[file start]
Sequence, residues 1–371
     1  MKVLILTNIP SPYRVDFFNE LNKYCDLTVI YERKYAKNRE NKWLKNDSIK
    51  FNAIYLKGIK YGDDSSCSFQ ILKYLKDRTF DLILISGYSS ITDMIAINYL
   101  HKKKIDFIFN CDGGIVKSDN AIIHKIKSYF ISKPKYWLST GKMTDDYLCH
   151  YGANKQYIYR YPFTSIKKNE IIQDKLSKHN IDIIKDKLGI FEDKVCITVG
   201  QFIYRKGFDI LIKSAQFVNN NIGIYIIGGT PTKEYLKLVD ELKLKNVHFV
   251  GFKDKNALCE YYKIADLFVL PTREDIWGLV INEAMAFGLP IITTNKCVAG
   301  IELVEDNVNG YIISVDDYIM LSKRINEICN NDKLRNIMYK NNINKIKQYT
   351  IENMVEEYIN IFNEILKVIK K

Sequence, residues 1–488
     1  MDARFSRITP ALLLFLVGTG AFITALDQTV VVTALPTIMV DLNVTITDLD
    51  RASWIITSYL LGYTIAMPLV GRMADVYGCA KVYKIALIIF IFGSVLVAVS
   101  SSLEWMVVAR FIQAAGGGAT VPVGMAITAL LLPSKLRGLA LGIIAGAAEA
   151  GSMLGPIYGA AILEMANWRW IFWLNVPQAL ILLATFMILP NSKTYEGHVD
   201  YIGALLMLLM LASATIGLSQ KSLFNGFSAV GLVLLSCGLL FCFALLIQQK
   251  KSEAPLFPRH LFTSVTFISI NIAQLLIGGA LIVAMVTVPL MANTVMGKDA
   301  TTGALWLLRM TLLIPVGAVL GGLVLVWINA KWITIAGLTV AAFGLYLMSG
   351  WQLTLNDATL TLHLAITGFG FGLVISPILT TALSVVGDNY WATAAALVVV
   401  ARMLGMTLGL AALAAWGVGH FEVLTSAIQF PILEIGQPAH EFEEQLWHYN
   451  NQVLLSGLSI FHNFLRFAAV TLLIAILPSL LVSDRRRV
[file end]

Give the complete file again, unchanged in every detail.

Sequence, residues 1–371
     1  MKVLILTNIP SPYRVDFFNE LNKYCDLTVI YERKYAKNRE NKWLKNDSIK
    51  FNAIYLKGIK YGDDSSCSFQ ILKYLKDRTF DLILISGYSS ITDMIAINYL
   101  HKKKIDFIFN CDGGIVKSDN AIIHKIKSYF ISKPKYWLST GKMTDDYLCH
   151  YGANKQYIYR YPFTSIKKNE IIQDKLSKHN IDIIKDKLGI FEDKVCITVG
   201  QFIYRKGFDI LIKSAQFVNN NIGIYIIGGT PTKEYLKLVD ELKLKNVHFV
   251  GFKDKNALCE YYKIADLFVL PTREDIWGLV INEAMAFGLP IITTNKCVAG
   301  IELVEDNVNG YIISVDDYIM LSKRINEICN NDKLRNIMYK NNINKIKQYT
   351  IENMVEEYIN IFNEILKVIK K

Sequence, residues 1–488
     1  MDARFSRITP ALLLFLVGTG AFITALDQTV VVTALPTIMV DLNVTITDLD
    51  RASWIITSYL LGYTIAMPLV GRMADVYGCA KVYKIALIIF IFGSVLVAVS
   101  SSLEWMVVAR FIQAAGGGAT VPVGMAITAL LLPSKLRGLA LGIIAGAAEA
   151  GSMLGPIYGA AILEMANWRW IFWLNVPQAL ILLATFMILP NSKTYEGHVD
   201  YIGALLMLLM LASATIGLSQ KSLFNGFSAV GLVLLSCGLL FCFALLIQQK
   251  KSEAPLFPRH LFTSVTFISI NIAQLLIGGA LIVAMVTVPL MANTVMGKDA
   301  TTGALWLLRM TLLIPVGAVL GGLVLVWINA KWITIAGLTV AAFGLYLMSG
   351  WQLTLNDATL TLHLAITGFG FGLVISPILT TALSVVGDNY WATAAALVVV
   401  ARMLGMTLGL AALAAWGVGH FEVLTSAIQF PILEIGQPAH EFEEQLWHYN
   451  NQVLLSGLSI FHNFLRFAAV TLLIAILPSL LVSDRRRV